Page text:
Value-Add Apartment Investing in Rent Controlled Los Angeles Markets – “Overview of the Strategy”
For those people who are unfamiliar with value-add apartment investing in Los Angeles, the strategy is relatively simple: Buy a building with below market rents, bring the rents to “market”, renovate the units and common area, and address deferred maintenance needs. Let’s take a simple example.
Assume you buy a 5-unit apartment building, built in 1972, with 5 tenants that have been in the building since 1990 with monthly rent of $1,000 each. After doing an analysis of the market, you learn that the market rent for comparable units is $2,000. As an owner of this building, you would like the rents to be closer to market rent but you are unable to raise the rents to market rate because of rent control laws. Per LA County law, if the building was built on or before October 1, 1978, then the building is rent controlled (http://hcidla.lacity.org/RSO-Overview). (There are a number of markets in the LA area that do not have rent control such as Pasadena, Glendale, Inglewood, and Long Beach). Some investors buy and hold a building and bring units to market rent when tenants move out on their own while other investors are offering compensation in exchange for a tenant to move out. If a tenant agrees to move out in exchange for compensation, then the landlord can increase the rents to market rate for the next tenant. Often times, the landlord will do a renovation in order to achieve higher rents. The renovation could include granite countertops, laminate flooring, stainless steel appliances, in-unit washer and dryer, common area upgrades, and exterior cosmetic upgrades such as new paint.
The math for increasing value works as follows:
- Market rent increases from $1,000 to $2,000 per month. This is a $12,000 increase in income per year (assuming that expenses stay the same). If you assume a 4% cap rate, a $12,000 increase in annual income is a $300,000 increase in value ($12,000 divided by 4%). If you take the $300,000 increase in value and subtract out the cost of renovating and any financial incentives provided to the tenants, you have the net increase in value
While the strategy outlined above sounds like a relatively simple way of creating asset appreciation, the challenge is that the potential upside of a value-add strategy is often times already priced into the deal. For example, it is very common for West Los Angeles multifamily deals with rental upside to trade at a 2.5% going-in cap. If an owner is able to successfully increase rents on some or all of the units, some investors in today’s market achieve a 5.0% to 5.5% un-levered return on cost but often times it’s lower:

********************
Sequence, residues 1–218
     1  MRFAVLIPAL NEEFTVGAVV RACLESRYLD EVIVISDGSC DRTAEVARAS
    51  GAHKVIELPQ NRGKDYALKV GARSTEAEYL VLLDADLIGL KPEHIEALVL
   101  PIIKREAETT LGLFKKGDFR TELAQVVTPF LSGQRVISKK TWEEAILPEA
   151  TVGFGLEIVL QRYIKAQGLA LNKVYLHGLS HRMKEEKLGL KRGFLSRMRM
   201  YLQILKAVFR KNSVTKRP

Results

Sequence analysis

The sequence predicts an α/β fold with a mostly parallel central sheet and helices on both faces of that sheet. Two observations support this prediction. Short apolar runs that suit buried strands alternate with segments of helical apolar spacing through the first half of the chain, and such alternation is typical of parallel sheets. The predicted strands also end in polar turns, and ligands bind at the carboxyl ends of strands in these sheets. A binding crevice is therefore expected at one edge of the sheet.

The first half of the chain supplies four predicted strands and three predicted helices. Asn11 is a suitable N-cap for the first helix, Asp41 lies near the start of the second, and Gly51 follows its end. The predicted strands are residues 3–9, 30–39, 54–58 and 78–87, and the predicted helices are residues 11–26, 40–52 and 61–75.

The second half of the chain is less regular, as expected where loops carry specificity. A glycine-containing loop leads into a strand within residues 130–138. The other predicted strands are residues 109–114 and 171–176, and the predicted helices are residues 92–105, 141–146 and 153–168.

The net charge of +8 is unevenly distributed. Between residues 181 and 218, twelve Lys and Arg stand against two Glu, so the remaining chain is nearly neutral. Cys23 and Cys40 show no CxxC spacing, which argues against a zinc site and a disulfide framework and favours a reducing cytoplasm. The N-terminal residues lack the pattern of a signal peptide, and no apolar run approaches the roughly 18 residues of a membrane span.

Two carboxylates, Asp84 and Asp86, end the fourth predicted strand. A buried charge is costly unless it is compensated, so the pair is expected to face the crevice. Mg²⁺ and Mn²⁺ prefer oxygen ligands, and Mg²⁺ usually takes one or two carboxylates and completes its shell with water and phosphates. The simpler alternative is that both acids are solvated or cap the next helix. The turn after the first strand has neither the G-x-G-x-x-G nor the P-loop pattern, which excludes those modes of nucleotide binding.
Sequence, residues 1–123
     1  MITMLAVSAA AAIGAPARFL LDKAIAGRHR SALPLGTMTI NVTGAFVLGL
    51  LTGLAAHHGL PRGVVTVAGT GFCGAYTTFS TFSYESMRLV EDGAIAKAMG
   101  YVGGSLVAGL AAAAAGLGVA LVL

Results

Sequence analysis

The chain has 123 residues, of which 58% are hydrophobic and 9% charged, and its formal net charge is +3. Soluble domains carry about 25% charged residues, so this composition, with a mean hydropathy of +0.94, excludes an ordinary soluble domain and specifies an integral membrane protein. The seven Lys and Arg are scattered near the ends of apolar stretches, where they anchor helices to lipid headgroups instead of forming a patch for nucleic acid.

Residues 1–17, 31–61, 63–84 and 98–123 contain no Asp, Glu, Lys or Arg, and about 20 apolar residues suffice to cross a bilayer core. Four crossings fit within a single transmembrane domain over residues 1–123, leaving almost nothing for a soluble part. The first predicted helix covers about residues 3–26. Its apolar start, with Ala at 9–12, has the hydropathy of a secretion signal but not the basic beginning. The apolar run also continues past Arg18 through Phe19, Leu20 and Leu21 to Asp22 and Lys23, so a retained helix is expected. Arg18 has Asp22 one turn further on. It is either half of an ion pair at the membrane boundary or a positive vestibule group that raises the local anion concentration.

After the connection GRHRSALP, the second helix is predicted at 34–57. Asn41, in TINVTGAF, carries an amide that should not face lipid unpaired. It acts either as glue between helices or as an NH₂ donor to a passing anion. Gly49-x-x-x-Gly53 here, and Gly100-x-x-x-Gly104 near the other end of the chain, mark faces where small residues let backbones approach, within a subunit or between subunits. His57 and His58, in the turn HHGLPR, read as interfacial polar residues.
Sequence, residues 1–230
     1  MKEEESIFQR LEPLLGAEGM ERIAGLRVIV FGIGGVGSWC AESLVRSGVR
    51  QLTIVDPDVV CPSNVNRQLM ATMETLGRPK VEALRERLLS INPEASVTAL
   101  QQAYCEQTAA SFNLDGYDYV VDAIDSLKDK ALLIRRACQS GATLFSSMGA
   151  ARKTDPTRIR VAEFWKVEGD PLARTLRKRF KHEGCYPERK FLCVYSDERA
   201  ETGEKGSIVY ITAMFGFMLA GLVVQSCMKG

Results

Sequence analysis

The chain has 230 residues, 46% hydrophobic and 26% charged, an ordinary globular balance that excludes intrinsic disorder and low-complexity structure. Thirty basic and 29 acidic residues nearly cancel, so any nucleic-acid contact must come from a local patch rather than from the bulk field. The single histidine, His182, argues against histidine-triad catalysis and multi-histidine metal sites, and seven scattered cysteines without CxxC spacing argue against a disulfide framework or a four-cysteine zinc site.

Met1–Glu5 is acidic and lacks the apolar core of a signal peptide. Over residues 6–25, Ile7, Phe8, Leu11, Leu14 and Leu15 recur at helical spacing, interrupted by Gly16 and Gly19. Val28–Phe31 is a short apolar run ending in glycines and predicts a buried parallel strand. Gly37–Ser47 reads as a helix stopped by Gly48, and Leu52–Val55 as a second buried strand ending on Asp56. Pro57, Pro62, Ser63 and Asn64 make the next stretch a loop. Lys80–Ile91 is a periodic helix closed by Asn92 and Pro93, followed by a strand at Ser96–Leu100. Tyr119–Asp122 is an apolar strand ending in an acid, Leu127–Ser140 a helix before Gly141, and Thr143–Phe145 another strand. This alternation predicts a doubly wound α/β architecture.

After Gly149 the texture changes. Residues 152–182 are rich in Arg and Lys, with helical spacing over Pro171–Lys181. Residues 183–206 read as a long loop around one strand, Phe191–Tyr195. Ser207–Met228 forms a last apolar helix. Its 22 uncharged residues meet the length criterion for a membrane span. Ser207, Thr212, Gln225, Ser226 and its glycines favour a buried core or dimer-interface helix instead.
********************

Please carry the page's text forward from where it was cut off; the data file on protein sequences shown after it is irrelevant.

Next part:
Unlevered Return on Cost = (Net Operating Income / (Purchase Price + all capital improvement costs))
For non-rent controlled LA markets, LMC has found that often times the going-in cap rates are also around the 2.5% range, but the achievable post-renovation un-levered return on cost is lower than rent controlled markets and can be between 4.0% to 5.0%.
For many investors, this potential upside justifies a low going-in cap rate. The investor may hold the investment for long-term appreciation and consistent cash flow or he/she may sell the property in the short-term at a premium with the higher rents in-place.
LMC has been doing extensive analysis of the value-add multifamily market in Los Angeles. LMC believes that there is still some opportunity to find value-add investment opportunities. However, in today’s market with pricing so high for value-add deals, there often times is not enough potential increase in value to justify the expensive acquisition price. LMC is analyzing deals on a daily basis and just a small percentage of the deals it sees have a potential risk-adjusted return that justifies the expensive pricing that is currently in the value-add multifamily deals in Los Angeles.
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